Northern Hemisphere Quaternary & Modern Non-Marine Ostracoda:   Developing Research Initiatives

               A Report on Outcomes of International Workshops Held in 2011 and 2012

                 Conveners:  Alison J. Smith1 and David J. Horne2


Summary of the Need for these Workshops 3 

     Ostracodes are microscopic crustaceans that inhabit almost all aquatic and semi-aquatic environments, from the deep sea to ephemeral wetlands, and can also be found in oxygenated aquifers and in rainforest settings.  Ostracodes have a long and well established fossil record extending back to the Ordovician Period, and have important applications in stratigraphy, petroleum exploration, paleoclimatology and paleohydrology.  Many species that arose in the Pliocene Epoch are extant today.  The focus of the workshops described here was Quaternary non-marine ostracode research, one aspect of the rich field of ostracodology.  Nonmarine ostracode research is fundamentally interdisciplinary in scope, linking the fields of paleoclimatology, paleoecology, ecology, genetics, hydrology and phylogeography.  This interdisciplinary aspect has developed over decades of study  by many researchers, with the result that numerous regional datasets and interpretations have emerged in North America and Europe that have limited linkage to each other.  The long history of research in North America and Europe has driven much of this present day regional view, but within this decade, opportunities have arisen to promote a hemispheric view of nonmarine ostracode biogeography.  Research results of many ostracode workers have suggested that the best understanding of nonmarine ostracode biogeography in North America and Europe is achieved by examining species distributions in hemispheric view.  This view also will allow the international community to formulate and test hypotheses about ostracode genetics, paleoclimate reconstruction, phylogeography, and groundwater ecology, and so reach a better understanding of species diversity and gain new insights into these subdisciplines.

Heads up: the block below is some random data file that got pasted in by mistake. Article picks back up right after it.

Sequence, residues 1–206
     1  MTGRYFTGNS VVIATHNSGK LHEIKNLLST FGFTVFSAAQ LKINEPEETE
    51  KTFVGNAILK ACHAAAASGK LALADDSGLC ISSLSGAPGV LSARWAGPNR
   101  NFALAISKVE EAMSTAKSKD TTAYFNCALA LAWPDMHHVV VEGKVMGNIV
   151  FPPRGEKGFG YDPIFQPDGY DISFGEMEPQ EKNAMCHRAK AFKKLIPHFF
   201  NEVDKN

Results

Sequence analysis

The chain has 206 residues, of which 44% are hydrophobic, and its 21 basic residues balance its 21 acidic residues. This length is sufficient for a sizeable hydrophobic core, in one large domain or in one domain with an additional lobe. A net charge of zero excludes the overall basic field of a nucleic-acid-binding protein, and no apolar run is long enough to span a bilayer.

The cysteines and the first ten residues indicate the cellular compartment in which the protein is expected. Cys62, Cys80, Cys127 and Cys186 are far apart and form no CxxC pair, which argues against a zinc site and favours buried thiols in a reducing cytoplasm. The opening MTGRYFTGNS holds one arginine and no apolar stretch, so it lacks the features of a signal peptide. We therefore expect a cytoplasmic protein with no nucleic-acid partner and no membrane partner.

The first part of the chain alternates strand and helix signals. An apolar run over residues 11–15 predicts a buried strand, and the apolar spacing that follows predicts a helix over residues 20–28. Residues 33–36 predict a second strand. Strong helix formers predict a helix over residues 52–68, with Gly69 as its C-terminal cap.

The specific goal of the workshops was to bring interested researchers and their graduate students together to identify significant research targets in Northern Hemisphere Quaternary nonmarine ostracodology, and to suggest solutions to common impediments to international collaborative research efforts.  This was the first time such a planning scheme was presented in the ostracode research group, as the traditional purpose of meetings is to present completed research, rather than discuss future initiatives.  Our plan was to hold two workshops, one in July, 2011 at the 7th European Ostracodologists Meeting (EOM) in Graz, Austria, and at the Geological Society of America Meeting  (GSA) in Charlotte, North Carolina, U.S.A. in November of 2012.  In fact, we were able to hold an additional workshop as a half-day session  at a third venue, the International German Ostracodologists Meeting (IGOM) in Köln in October of 2012, thanks to Finn Viehberg (University of Köln) and Renate Matzke-Karasz (Ludwig Maximilians University of Munich).  This third workshop allowed us to include an additional cohort of researchers that could not attend either of the other two workshops.  All told, 40 ostracode researchers from 9 countries attended the workshops.  This cohort included 10 graduate students and 2 new faculty, with the remainder being mid-career and senior scientists.  Although only a percentage of ostracode researchers could attend the workshops, we hope that this website will provide interested researchers with an overview of the discussions and recommendations.